I have remained intrigued with the project and over the years I have done my best to follow what Marino is up to creatively. He self released the sophomore cd-r SHM2 but Positive cd-r and The Story of Man cassette both came out on Life On a Island. A cassette (which sadly I have yet to hear/obtain) called On the Roof came out on Open Range Records. Last but not least I have finally been able to have the good fortune to be able to release some Screen House Music on my label with an upcoming appearance on the I Know Why They Call It Pop cassette. And from what I understand new material is being worked on which is just thrilling. Keep up with Screen House Music here. Additionally, Marino plays guitar and sings in the fantastic band For Serious This Time who I urge everyone to check out.

Screen House Music "Volume One" track listing
1. "Everyone's Unsure"
2. "Layer One"
3. "Layer Two"
4. "Layer Three"
5. "Next Season"
6. "On Our Cameras"
7. "At Friends Houses"
8. "Conclude"

Download Here

Tuesday, November 2, 2010

Latterman "None of These Songs Are About Girls" cd-r (self released/2000)

Today's post will be a quickie due to being a bit short on time but also because I also recently profiled Latterman when I uploaded their demo which hopefully everyone has enjoyed. Oddly enough even though this self released ep came out after the demo only one of the five tracks here were later re-recorded, unlike the songs on the demo, which I suppose makes the tunes here a bit more of a rarity. I'd wager that most Latterman fans never even heard of this ep much less the songs on it.

None of These Songs Are About Girls starts off with the song "There's Never a Reason Not to Party" which to me is "the" Latterman song. It was later re-recorded for their first full length album, Turn Up the Punk We'll Be Singing but I think I prefer the version presented here. I generally don't like re-recorded versions of songs, as there is usually a spark missing that made the original version great. The other tunes on this ep are pretty solid as well, with "Matt Galante's Got It Right" and "Saving Private B" being the stand outs aside from the opening track. "Matt Galante's Got It Right" was also released on volume 2 of the Waggy Fanzine comp CD which if you are looking for physical copies of these tunes will be easier to track down than a copy of None of These Songs Are Bout Girls. I am not sure how many were made but I'd wager no more than 100 and maybe that is even a stretch. Latterman fans fear not I have a few more pretty rare barely known releases that I will be uploading soon.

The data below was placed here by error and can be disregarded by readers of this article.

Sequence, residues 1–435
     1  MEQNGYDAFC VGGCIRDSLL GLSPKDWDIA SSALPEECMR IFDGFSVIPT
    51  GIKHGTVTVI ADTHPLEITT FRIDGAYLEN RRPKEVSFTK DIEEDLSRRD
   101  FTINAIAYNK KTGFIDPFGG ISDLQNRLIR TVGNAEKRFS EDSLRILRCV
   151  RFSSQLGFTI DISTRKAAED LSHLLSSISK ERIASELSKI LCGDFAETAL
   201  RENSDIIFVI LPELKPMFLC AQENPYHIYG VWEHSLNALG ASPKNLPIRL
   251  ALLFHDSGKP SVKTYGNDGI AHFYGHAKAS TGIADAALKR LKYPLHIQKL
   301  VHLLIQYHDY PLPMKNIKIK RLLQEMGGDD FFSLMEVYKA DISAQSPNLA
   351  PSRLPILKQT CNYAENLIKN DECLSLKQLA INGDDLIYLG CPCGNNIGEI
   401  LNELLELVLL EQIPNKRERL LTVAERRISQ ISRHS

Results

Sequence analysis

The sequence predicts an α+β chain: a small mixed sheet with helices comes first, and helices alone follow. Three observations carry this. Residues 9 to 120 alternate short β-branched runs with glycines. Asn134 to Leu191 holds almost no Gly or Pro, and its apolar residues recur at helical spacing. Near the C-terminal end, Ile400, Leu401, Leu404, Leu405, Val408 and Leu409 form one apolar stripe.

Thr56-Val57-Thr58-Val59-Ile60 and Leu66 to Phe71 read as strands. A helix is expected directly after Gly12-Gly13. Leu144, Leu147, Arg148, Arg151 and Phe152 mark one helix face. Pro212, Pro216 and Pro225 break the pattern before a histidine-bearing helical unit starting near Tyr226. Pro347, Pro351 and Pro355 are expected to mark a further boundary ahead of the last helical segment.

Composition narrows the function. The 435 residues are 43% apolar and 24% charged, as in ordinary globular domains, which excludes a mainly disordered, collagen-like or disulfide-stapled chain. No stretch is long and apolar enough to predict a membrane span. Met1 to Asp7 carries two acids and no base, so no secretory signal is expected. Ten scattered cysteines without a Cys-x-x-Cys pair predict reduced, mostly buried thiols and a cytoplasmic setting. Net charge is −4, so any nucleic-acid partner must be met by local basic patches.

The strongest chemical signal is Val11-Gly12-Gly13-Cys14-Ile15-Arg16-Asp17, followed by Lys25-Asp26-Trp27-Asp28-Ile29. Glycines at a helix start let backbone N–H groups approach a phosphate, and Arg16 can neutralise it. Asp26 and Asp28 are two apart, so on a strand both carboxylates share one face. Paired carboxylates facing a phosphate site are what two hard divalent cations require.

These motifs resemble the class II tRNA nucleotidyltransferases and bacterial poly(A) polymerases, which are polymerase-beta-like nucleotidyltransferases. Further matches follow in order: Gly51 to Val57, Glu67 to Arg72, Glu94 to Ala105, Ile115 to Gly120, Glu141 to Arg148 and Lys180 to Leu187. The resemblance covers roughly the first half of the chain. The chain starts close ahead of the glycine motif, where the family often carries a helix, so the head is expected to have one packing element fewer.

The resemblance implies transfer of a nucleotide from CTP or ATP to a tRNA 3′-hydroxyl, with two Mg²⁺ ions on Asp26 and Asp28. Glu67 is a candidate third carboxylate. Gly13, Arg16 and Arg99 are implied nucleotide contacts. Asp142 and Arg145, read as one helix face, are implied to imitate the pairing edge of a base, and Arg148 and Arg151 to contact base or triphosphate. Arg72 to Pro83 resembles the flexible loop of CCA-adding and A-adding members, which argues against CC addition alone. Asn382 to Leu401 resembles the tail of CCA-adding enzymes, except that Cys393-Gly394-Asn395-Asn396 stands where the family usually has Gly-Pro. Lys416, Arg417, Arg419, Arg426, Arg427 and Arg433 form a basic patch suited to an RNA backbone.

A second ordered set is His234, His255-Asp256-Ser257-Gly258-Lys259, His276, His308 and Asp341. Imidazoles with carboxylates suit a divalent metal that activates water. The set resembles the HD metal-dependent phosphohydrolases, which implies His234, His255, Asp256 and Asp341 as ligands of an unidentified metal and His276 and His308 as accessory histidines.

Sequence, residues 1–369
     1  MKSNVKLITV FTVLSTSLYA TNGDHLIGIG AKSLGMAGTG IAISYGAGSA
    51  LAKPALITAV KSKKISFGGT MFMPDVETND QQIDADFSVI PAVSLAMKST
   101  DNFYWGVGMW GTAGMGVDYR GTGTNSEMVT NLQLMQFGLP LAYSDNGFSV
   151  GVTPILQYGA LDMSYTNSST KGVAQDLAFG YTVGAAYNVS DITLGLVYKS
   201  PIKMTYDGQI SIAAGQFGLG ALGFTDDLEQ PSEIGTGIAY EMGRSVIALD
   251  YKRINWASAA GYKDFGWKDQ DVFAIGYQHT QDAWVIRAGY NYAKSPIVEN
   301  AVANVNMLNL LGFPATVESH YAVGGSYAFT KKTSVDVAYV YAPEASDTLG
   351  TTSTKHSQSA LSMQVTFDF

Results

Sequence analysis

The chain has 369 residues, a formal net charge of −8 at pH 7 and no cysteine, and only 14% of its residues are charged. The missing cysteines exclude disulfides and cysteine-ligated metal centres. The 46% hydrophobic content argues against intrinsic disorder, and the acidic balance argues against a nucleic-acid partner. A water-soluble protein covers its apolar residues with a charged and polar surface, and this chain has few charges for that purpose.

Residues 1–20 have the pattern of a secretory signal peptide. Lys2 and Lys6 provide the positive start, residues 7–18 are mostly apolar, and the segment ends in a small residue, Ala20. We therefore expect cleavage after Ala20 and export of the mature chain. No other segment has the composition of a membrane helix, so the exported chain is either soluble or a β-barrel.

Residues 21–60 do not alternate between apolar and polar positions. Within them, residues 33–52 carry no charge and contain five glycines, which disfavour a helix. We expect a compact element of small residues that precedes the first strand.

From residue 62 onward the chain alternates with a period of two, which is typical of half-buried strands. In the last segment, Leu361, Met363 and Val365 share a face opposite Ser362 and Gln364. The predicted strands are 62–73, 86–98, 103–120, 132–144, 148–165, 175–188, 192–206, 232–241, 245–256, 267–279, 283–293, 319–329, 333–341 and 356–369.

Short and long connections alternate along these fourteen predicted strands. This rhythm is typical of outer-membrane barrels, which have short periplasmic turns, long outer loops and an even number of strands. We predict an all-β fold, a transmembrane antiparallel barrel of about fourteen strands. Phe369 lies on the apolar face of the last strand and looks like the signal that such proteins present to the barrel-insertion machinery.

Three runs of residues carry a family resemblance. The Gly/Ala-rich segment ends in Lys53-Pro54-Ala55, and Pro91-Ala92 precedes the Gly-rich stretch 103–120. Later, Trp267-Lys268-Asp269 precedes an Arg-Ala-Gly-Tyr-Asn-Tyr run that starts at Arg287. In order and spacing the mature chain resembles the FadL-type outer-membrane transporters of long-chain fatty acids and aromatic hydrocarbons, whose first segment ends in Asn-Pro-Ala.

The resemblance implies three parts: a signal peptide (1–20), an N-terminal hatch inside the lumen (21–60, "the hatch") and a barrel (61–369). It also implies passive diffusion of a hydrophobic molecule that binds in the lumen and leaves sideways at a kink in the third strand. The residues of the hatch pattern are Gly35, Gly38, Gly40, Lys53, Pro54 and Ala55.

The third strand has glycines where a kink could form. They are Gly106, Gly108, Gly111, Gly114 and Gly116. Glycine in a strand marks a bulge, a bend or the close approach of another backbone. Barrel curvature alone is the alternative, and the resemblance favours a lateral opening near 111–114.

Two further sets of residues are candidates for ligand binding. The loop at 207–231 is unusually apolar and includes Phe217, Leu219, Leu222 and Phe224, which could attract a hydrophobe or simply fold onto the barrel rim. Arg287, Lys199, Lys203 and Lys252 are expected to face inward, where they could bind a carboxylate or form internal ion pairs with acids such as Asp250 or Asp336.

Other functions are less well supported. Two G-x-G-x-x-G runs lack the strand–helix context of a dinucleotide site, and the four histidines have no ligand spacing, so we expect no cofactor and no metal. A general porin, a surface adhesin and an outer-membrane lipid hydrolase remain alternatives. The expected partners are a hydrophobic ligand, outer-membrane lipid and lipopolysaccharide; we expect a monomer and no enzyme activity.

Latterman None of These Songs Are About Girls track listing
1. "There's Never a Reason Not to Party"
2. "We're Not Having This Argument"
3. "So, It Was a Drag huh?"
4. "Matt Galante's Got It Right"
5. "Saving Private B"

Download Here

Monday, November 1, 2010

Wildebeest "Motion and Language" (self released/2005)

Let me start off this entry by publicly apologizing (even many years after the fact- just over 6 to be exact) for originally lumping Matthew Winn's pre-Wildebeest release in with the unfortunate (and certainly not forgotten by this guy) folk punk movement of the early 2000s when I reviewed it in a issue of Under the Volcano. I was certainly wrong in making that comparison, and the debut from Wildebeest Motion and Language is what squashed any ill conceived notions of the type of music the talented Winn was creating. I can attempt at trying to conjure up my own words to describe what Motion and Language is about and while I will first I'd like to offer a snapshot of Winn's own words as the following text was pasted on the sleeve when you opened up the cd case: